Need a Call Center? Ask these 4 Questions


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If your company is going to outsource its call center, make sure you find one that really knows how to evaluate customer service. To figure out just how buttoned-up they are, we advocate asking these four questions:

1. How do you arrive at criteria to evaluate customer service?

First and foremost, when you look at the call center’s rules for scoring chats, calls and emails, remember that specificity is your best friend. Your call center should have specific scoring rules in place so that customer service evaluations leave little room for subjective interpretation. These rules also need to be customized to your company goals and brand messaging. Remember, this call center will be part of your company’s voice—generic criteria won’t cut it.

2. How are customer interactions scored and analyzed?

You can’t have a call center that takes a one-dimensional approach to customer service evaluations. If they are a larger center, expect them to have software in place so that they can score all interactions. But you can’t rely on software alone, since interactions are infused with subtleties. The call center’s customer service evaluations should involve independent research intelligence that performs narrative analysis. Narrative analysis uncovers the root causes of common issues. It also provides call center metrics, like Customer Service Branding and Competitive Edge scores. These are the most useful numbers, and software can’t calculate them.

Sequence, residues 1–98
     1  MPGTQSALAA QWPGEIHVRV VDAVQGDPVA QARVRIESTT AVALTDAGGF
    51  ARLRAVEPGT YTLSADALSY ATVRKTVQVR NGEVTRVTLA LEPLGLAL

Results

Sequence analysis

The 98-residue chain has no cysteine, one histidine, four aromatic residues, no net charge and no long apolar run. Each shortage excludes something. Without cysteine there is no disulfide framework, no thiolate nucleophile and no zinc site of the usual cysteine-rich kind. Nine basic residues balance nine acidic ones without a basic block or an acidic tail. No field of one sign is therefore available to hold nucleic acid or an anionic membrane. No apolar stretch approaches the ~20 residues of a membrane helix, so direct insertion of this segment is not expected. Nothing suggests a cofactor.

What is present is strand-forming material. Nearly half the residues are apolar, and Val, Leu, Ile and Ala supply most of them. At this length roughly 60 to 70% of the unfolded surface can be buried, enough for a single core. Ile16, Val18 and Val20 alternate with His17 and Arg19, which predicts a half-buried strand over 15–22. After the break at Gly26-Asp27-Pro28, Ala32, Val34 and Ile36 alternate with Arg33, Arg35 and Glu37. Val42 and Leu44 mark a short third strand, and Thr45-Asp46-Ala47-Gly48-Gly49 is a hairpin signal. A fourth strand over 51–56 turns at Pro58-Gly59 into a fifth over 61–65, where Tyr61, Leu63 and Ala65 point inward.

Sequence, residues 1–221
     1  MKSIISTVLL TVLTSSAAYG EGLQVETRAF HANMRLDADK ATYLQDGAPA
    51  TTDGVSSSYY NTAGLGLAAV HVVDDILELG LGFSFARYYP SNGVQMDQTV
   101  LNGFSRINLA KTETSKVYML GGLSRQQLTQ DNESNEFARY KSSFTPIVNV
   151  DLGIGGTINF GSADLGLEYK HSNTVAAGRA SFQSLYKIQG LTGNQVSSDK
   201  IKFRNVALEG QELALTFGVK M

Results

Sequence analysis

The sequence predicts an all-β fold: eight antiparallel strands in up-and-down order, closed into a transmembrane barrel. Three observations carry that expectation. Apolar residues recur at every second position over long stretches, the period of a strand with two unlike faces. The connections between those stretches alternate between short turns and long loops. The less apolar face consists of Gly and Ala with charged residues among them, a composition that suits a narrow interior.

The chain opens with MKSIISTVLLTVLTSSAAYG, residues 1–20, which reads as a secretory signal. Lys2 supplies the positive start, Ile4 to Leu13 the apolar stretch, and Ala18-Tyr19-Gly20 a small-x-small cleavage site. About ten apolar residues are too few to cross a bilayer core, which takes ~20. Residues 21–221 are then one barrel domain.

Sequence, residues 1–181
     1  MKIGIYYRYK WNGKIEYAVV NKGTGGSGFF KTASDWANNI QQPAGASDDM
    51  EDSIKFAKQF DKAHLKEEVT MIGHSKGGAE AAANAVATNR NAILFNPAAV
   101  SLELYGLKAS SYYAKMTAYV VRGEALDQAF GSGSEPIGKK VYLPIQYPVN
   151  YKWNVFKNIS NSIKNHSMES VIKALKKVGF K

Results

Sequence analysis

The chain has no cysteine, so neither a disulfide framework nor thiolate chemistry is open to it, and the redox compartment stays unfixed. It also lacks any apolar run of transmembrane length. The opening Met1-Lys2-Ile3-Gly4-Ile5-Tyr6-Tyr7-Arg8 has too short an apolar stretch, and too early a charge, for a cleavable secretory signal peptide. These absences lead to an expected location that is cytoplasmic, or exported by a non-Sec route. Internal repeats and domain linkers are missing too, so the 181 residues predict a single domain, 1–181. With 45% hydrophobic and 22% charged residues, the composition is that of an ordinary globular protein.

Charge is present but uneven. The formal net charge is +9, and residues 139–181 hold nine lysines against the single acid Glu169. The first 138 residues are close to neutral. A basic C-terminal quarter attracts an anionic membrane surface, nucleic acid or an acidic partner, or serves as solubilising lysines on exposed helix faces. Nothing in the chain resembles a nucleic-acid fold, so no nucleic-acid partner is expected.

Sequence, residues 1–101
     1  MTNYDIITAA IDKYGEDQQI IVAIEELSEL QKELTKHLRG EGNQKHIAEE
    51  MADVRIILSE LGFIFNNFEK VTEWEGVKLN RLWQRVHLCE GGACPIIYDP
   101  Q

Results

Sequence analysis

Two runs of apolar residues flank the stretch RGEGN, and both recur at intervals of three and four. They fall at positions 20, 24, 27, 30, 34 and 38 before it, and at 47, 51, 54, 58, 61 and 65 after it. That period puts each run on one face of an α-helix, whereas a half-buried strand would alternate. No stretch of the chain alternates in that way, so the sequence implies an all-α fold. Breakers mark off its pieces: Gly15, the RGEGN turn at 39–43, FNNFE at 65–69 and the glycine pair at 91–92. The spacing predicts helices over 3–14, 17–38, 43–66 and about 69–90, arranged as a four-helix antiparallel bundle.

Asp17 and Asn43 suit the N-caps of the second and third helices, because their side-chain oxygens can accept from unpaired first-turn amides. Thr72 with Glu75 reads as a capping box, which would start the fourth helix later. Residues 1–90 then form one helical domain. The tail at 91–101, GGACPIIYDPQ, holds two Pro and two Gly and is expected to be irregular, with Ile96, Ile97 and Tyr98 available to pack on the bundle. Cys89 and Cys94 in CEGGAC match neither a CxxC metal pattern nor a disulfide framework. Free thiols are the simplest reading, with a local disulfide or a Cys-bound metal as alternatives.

3. How do your reports show me the quality of the interactions?

Any call center worth its salt will have detailed reports that illustrate how associates connect with and inform customers. If a call center’s reports only track the time-to-answer and the abandon rate, there’s no guarantee they’re demonstrating your brand.

4. How do scorecards motivate better CSR performance?

Your ideal call center will support your brand by making sure that customer service representatives truly understand the call center metrics by which they are evaluated. Scorecards should include: audio clips, quotes, drill-downs, and any other tools that can help align staff to your brand. Above all, scorecards should include actual re-do examples. CSRs are the face of your company, so they should be as solid on your brand as you are.

Interview a number of call centers thoroughly. And as part of your interview process, consider having a customer experience audit company mystery shop each of your final candidates so that you have data to back up your decision.

Republished with author's permission from original post.

Martha Brooke
Martha Brooke, CCXP + Six Sigma Black Belt is Interaction Metrics’ Chief Customer Experience Analyst. Interaction Metrics offers workshops, customer service evaluations, and the widest range of surveys. Want some ideas for how to take your surveys to the next level? Contact us here.


  1. Good question. Do you really need a call center for your business? Well, we reckon the only way to find out is to ask these questions. And if the answers point in the direction of a call center, then by all means, go and partner with one.

  2. Fantastic article! Picking out a call center provider shouldn’t be taken lightly. Since they’ll be acting as your company’s front line, you need to make sure that they don’t just have the skills and technology, but also the same values that your company represents.

  3. Thanks Ian, I agree choosing the right call center–one that will evaluate customer service– the same way your own company would — is key! Martha


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